The use of a recently released AntiConvulsant, Gabapentin, in the treatment of Spasticity in two patients with Multiple Sclerosis is reported.
Gabapentin was chosen because of its GABA-ergic effect and because previously reported studies have shown that it is well tolerated compared with other GABA-mimetic medication.
Satisfactory release of Spasticity with significant improvement of functional outcome was noted in both cases. Both patients were first treated with Gabapentin for one month at 300 mg per day and then, with no reported side-effects, at 400 mg per day.
Before treatment, Spasticity (graded with modified Ashworth Scale) in one patient was 3 for left lower and 2 for right lower limbs, and Expanded Disability Status Scale (EDSS) was 7; ambulation was limited to a few steps with a standard walker.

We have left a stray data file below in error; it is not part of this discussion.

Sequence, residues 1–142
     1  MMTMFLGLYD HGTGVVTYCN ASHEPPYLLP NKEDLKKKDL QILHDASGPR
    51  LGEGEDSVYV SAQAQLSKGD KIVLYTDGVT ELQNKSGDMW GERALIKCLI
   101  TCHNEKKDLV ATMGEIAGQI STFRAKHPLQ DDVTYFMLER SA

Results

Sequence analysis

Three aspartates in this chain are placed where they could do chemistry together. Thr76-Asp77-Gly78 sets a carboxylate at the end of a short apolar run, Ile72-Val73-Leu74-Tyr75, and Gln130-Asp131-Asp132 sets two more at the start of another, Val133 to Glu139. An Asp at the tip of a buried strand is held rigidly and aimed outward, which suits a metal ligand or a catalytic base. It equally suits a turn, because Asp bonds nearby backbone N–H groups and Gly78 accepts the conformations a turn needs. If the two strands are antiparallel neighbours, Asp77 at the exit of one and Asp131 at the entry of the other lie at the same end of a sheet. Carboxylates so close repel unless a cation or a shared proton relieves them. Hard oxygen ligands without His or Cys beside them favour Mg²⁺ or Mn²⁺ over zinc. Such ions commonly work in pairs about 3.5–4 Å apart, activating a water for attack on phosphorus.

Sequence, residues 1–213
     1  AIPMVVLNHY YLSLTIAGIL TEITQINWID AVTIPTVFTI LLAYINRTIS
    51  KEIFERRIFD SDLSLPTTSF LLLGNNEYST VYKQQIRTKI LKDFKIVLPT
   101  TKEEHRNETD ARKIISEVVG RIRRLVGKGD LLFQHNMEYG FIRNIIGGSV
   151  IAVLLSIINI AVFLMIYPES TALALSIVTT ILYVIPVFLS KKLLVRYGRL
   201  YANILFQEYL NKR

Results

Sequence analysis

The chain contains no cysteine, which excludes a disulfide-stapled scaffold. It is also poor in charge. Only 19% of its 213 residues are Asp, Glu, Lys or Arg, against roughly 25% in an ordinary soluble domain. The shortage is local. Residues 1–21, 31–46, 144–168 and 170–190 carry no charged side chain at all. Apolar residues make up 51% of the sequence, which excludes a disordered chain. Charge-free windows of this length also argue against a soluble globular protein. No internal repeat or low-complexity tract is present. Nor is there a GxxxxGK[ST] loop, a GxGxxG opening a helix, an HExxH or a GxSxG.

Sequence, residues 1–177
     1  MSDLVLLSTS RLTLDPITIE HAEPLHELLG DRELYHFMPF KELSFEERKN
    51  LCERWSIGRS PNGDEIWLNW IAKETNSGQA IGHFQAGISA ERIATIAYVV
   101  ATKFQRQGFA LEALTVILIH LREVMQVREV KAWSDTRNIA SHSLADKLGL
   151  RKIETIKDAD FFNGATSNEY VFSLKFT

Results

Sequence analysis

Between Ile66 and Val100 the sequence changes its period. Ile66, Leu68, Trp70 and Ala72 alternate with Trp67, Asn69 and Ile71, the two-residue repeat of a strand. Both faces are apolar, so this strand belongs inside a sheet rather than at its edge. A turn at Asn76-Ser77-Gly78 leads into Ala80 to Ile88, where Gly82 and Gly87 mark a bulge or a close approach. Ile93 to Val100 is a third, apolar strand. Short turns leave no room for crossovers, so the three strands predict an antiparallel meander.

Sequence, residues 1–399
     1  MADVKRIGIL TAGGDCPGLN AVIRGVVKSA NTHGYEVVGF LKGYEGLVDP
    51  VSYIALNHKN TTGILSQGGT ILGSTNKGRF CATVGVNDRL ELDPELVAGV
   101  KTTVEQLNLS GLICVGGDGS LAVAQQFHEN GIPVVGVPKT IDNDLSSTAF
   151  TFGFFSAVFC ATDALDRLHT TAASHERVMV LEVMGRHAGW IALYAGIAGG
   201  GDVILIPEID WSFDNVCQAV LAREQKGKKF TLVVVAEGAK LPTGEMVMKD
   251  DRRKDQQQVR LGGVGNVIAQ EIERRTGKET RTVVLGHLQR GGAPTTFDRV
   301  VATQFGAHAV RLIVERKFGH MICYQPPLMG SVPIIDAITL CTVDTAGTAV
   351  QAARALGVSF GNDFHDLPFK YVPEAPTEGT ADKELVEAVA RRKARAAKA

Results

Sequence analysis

After two weeks of treatment, Spasticity was 2 and 1 for the left and right lower limbs, respectively. At three-month intervals, Spasticity was +1 for left and 1 for right lower limbs, and EDSS was 6; the patient could ambulate 75 to 100 m with a standard walker.
In the second patient, Spasticity before treatment was 2 for both lower and left upper limbs. EDSS was 5.5, and ambulation was confined to 100 m with a cane.
Spasticity improved to +1 in lower and 1 in left upper limbs after two weeks and to 1 and normal after three months. At three months, EDSS was 3 and the patient could ambulate for long distances without an assistive device.
We suggest that Gabapentin can be used effectively to decrease Spasticity without significant side effects in patients with Multiple Sclerosis.